It turns out that aberration is among the simplest things to explain with expansion. Let us say we have data before us that shows that light from a star on the far side of the sun has not arrived on earth in a straight line. It has curved in getting to us. How do we come to that conclusion? Simple. Before the light from the star got to the sun, it was travelling in line x, the line it always travels in when not affected by the sun. From the sun to the earth, it was travelling in line y, roughly. The difference in the lines is the angle of refraction. Now let us ask, is there any other possible movement that could explain this "refraction." There is one other, though no one has ever put it forward: Something besides the light has moved. You will say, what? What else could have been refracted?
Well, nothing else is in a position to be refracted or bent, but there are a couple of other movements that could explain the appearance of a bending of starlight. At first I thought that the expansion of the sun would explain it most easily. I soon decided against that. But I will let you see the steps that led me to my final explanation.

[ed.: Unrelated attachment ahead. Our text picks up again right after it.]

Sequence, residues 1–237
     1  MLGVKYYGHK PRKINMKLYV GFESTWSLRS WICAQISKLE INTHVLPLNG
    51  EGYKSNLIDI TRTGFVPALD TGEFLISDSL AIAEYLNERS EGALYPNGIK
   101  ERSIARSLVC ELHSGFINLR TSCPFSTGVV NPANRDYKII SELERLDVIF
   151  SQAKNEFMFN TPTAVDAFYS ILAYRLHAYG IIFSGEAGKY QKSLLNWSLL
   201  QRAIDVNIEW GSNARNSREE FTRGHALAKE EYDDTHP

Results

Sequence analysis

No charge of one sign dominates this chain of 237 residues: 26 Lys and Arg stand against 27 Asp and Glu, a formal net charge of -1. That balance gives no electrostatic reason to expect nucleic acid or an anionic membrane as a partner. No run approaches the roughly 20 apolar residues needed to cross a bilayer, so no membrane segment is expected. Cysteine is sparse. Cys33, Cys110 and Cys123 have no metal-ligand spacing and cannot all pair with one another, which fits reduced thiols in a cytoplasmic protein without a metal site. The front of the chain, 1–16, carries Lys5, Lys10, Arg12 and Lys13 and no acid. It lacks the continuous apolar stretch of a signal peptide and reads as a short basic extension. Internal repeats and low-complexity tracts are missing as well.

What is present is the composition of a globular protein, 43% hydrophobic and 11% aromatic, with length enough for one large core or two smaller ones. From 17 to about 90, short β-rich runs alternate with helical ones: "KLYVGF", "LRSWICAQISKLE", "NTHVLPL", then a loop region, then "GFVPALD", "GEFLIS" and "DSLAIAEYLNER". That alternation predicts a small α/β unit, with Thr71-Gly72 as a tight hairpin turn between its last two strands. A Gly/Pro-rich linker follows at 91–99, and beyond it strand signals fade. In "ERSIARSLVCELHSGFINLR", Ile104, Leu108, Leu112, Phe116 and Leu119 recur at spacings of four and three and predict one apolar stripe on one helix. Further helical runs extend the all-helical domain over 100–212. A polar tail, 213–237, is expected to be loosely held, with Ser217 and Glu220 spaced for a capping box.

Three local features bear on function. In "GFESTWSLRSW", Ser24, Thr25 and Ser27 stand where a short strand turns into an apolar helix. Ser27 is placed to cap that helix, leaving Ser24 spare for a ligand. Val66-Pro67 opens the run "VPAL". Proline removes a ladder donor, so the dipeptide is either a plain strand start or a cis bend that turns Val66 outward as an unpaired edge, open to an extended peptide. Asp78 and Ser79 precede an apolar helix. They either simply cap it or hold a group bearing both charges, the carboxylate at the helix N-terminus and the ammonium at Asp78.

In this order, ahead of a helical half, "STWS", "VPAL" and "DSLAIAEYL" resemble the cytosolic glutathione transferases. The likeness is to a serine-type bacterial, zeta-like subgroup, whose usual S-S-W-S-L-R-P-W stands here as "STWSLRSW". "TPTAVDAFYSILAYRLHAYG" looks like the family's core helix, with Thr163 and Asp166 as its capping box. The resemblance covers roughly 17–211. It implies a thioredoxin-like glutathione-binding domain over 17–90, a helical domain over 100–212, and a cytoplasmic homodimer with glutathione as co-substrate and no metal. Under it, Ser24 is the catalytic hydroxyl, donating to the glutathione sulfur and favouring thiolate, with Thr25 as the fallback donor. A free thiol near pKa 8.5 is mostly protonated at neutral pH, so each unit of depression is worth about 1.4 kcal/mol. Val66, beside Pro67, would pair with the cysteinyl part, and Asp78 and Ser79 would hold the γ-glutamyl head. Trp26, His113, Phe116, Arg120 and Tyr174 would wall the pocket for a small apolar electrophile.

I have diagrammed an expanding sun here. Look at the starlight arriving at the earth. From the vicinity of the sun to the earth you have "seen" it move from right to the left. You expected it at point a, it arrived at point b, on the earth. Therefore you conclude that it must have been refracted. But now go to the background of this movement. What is the beam of starlight refracting relative to? What is the light moving with regard to? The sun, of course. Either the beam of starlight has moved from right to left, or the right edge of the sun has moved from left to right. In other words, the sun has moved into the space that the beam of light just passed. The light was not refracted, the background moved. The sun is the background, and it moved.